Gardens of the Cross Timbers: The giant Lambsquarter
What to do. The scarecrow frame has been standing at the end of the hall for nearly two years. Henryetta well-represented the Multi-County Master Gardeners in the 2019 Pottawatomie County Free Fair. That year’s theme: An American Flair at the Pottawatomie County Free Fair. Grasping pin wheels in each hand, wearing her best western garb, the scarecrow won second place. Her ribbon matched her red hair.
Fast forward to 2021. This year’s theme: Blue Ribbons, Buckles & Boots. If you google Blue Ribbons, Buckles and Boots, the first entry is the Pabst Blue Ribbon Belt Buckle! Seems that the recycled and enameled belt buckles are out of stock. Darn. Pabst Brewing Company was founded in 1844. Headquartered in San Antonio, the company contracts out the brewing of over two dozen beers. Suppose it would be in bad taste to put a blue-ribbon festooned vest on the scarecrow, plop the feet inside a pair of old cowboy boots, add a few empty Pabst beer cans to a belt with huge belt buckle, fasten around the ‘waist’ and call it a day! Yup, redneck tacky.
The Pottawatomie County Free Fair Fairbook is updated and accessible at freefair.org. Click on Fairbook, then scroll down to either 4-H FFA Plant Science for students or 2021 Plant Science for general folks….. or any category that interests you. Perhaps you’ve been madly canning the best of your summer produce, baked the tastiest cookies ever or took amazing photographs of a sunset, thunderhead or your kitty.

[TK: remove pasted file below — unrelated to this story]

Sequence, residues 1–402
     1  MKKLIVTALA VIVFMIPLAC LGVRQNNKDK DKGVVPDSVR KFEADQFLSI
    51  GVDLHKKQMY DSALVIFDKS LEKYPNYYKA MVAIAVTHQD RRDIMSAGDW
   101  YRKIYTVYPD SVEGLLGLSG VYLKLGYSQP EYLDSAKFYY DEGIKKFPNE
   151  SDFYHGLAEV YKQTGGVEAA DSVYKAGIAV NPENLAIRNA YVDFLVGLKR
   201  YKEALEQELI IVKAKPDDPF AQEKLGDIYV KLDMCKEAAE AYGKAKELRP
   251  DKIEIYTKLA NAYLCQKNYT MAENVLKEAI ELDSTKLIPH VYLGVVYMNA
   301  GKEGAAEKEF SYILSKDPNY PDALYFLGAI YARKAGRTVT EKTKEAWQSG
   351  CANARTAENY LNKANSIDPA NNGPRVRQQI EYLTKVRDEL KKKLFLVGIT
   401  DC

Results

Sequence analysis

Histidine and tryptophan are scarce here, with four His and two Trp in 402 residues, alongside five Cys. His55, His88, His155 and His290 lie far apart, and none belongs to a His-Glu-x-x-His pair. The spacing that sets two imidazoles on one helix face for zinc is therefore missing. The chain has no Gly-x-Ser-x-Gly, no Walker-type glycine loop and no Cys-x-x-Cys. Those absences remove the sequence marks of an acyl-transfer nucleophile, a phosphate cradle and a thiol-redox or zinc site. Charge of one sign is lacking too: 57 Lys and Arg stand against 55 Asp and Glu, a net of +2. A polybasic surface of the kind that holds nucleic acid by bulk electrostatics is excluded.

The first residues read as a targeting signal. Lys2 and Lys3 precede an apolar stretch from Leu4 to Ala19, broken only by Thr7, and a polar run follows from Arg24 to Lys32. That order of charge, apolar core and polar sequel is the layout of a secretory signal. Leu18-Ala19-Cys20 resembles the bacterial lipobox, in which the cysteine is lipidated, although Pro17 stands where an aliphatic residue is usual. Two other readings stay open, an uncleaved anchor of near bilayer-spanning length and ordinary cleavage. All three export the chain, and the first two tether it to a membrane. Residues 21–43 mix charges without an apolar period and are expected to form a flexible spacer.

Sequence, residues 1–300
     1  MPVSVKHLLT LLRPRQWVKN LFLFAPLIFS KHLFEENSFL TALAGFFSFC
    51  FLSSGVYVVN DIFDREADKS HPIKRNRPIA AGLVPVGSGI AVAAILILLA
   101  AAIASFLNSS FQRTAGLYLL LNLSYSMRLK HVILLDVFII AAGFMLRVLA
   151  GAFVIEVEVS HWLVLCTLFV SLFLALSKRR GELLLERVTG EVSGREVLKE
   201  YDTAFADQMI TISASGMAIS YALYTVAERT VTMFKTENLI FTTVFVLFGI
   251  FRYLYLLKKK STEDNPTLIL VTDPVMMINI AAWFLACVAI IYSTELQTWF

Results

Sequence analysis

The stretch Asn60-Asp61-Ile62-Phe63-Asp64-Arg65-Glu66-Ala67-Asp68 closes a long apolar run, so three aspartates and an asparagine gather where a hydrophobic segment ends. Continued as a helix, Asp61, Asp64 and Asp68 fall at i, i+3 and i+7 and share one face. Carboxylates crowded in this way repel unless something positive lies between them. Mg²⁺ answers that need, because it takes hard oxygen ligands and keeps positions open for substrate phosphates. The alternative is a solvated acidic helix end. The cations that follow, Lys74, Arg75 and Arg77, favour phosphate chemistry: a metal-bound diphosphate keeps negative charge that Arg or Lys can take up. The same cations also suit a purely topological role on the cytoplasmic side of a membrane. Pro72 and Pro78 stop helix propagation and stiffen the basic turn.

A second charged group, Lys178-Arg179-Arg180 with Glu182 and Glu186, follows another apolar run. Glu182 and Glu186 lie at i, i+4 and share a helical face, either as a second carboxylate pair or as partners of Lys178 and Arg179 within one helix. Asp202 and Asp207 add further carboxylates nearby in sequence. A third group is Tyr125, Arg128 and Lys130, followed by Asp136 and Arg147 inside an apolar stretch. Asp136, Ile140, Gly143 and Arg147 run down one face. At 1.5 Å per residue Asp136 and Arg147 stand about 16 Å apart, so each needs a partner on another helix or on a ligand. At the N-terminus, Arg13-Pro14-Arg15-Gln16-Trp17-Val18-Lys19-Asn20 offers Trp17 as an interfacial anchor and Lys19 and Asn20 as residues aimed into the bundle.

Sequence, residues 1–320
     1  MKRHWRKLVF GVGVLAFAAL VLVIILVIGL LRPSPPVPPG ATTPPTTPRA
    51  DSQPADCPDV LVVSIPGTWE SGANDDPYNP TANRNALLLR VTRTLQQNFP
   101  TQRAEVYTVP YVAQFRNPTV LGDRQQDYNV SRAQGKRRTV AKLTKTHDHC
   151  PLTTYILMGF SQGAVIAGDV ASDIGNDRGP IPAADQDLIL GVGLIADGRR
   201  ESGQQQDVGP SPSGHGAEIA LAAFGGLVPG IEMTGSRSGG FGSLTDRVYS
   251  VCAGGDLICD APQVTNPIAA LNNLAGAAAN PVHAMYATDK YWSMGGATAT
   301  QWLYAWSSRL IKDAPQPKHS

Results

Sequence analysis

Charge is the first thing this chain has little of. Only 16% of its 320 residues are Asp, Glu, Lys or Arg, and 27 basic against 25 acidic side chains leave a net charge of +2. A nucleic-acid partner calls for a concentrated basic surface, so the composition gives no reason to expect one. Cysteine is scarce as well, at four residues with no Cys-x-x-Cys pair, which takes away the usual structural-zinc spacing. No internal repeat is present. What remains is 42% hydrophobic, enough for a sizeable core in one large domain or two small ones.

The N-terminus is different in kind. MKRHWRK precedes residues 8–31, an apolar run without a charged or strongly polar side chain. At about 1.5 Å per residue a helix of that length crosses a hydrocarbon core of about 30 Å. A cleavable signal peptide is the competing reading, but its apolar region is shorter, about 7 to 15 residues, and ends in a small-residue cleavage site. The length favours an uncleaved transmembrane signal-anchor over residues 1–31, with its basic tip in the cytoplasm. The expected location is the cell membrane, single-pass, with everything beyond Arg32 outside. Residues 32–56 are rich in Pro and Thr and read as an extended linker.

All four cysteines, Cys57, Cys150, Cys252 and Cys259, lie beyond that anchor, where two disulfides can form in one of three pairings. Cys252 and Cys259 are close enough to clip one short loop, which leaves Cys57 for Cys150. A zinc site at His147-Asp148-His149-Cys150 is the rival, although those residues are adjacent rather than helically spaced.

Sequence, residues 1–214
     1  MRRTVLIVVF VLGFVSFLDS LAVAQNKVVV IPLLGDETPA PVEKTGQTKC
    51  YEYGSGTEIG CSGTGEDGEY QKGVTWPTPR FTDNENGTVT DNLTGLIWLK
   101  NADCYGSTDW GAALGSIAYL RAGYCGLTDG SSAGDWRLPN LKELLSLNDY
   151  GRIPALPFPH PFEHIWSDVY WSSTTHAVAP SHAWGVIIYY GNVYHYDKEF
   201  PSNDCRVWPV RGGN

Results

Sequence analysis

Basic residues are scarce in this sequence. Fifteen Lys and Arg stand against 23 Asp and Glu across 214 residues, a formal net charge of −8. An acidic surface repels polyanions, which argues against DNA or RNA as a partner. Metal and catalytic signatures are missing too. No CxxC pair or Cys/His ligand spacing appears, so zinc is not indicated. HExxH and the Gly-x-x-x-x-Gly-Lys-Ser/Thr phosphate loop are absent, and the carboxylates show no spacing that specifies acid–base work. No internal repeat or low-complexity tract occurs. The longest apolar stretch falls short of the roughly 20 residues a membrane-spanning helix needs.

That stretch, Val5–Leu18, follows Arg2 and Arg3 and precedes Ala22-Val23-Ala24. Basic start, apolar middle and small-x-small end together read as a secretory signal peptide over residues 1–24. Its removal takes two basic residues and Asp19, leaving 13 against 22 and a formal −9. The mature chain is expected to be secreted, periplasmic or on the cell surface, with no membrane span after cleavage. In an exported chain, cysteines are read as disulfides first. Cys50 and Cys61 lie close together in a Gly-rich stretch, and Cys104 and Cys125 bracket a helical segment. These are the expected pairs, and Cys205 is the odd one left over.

My thing is native plants. The Plant Science Open Division is divided into two sections: Agronomy—forage bundles; grains and seeds, blocks of hay, etc. and Horticulture—fruits, veggies or nuts; cut flowers, potted plants; decorated melons and scarecrows. Each section is numbered with applicable criteria for judging. Examples: G1.ten ears yellow corn. G47. Five Jonathan apples. G85. two crookneck yellow squash. G 90. five large tomatoes. G102. eighteen walnuts in Ziploc bag. G115. five Lantana stems. G124. one large Zinnia stem. G142. one stem red miniature roses. G165. one potted plant not to exceed 4 feet in height in pot no larger than 15 inches in diameter with drip pan. G188. One scarecrow not to exceed 6 feet tall, 48 inches wide and 48 inches deep open to non-profits and so on. Just follow the directions.
Register your entries Wednesday afternoon (Sept. 8) from 3 to 6 p.m. in the huge Otto Krausse Arena in the Heart of Oklahoma Expo complex. Don’t worry. Volunteers, tables and directions will be there to guide you. Entries are judged Thursday morning (Sept. 9). You should pick up your entries and ribbons Sunday morning (Sept. 12) between 8 and 11 a.m.
Any questions about plants? Contact Carla Smith at Pottawatomie County OSU Extension 405-273-7683. Carla is the Horticulture/4-H Educator and supervisor for the 4-H, FFA and Open Division in Plant Science.
All this info, and I have yet to come up with a brilliant idea of how to transform the former Multi-County Master Gardener scarecrow into a scarecrow decked out in buttons and bows….no… buckles and boots. Scarecrows are a non-profit group thing. I know there are lots of you out there chomping at the bit to make a scarecrow for your organization. They’re fun to create. What better time than now!